[ii] George Berkeley discovered the “amazing truth… that nothing properly but… conscious things do exist”. In modern terms, George Berkeley’s doctrine of Immaterialism would support the notion that the Universe is a virtual reality. This notion can be found as far back as the ancient Greek philosopher Pyrrho of Elis (360?-275? BC) and in the eastern philosophical tradition, this notion that the external world is illusionary, mere ‘name and form’, is a dominant theme of the Hindu Upanishads dating back about 3,000 years BC. Available at http://www.spiritualgenome.com/berkeley.htm  

"One day it will have to be officially admitted that what we christened reality is an even greater illusion than the world of dreams". [Dali]

If you visualise quantum reality as a cloud of undulating glitter, each particle is a holographic film transparency, which contains all of the information needed to visualise the material world from that particular angle. This vision in combination with an understanding of how our senses [i] synthesise reality by only processing 20 conscious moments [ii] per second out of a possible 20,000, you can begin to understand how reality may not be how it so virulently appears. Hindu [iii] and Buddhist [iv] texts sit easily in the baffling arena of quantum thought. The illusiveness of material reality is the focus of the Upanishads[v]c.3, 000BCE.

[i] Not all the body parts receive the same attention of the brain. The relative importance is often represented by mapping over the length of the sensory or motor cortex. These cortical maps (Figure 22b) are not drawn to scale; instead they are variously distorted to reflect the amount the neural processing power devoted to different regions. This accounts for the grotesque appearance of the human body in the homunculus, which is a translation of the body's sensory map into the human form.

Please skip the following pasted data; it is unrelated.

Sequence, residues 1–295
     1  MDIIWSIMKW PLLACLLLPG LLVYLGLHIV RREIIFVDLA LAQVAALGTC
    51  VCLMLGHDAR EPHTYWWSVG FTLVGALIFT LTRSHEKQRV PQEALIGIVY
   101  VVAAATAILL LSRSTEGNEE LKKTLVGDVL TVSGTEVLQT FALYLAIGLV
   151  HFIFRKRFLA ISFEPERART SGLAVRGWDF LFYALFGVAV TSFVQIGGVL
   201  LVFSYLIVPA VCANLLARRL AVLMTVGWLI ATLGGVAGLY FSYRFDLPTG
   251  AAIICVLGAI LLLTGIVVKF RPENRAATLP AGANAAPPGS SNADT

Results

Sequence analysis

Available at http://universe-review.ca/R10-16-ANS.htm 


 [ii]That reality is an illusion constructed by our limited and inaccurate senses is a theme beautifully considered by Marshall McLuhan in the Gutenberg Conspiracy. Penny Lee explains in a passage entitled 'The biological segmentation of reality', Penny Lee in "The Whorf Theory Complex" quotes Bertalanffy: 'from that great cake of reality, every living organism cuts a slice, which it can perceive and to which it can react owing to its psycho-physical organization, that is, the structure of its receptor and effector organs', and further: 'any organism so to speak, cuts out from the multiplicity of surrounding objects [and actions!] a small number of characteristics to which it reacts and whose ensemble forms its "ambient". All the rest is non-existent for that particular organism. Every animal is surrounded, as by a soap bubble, by its specific ambient, replenished by those characteristics, which are amenable to it. If, reconstructing an animal's ambient, we enter the soap bubble, the world is profoundly changed. Many characteristics disappear, others arise and a completely new world is found.' [iii] Einstein Meets the Vedas: Parallel Sayings in Science and SpiritualityComparing wisdom from scientists and great religious leaders. Edited by Thomas McFarlane
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A mathematical truth is timeless, it does not come into being when we discover it. Yet its discovery is a very real event.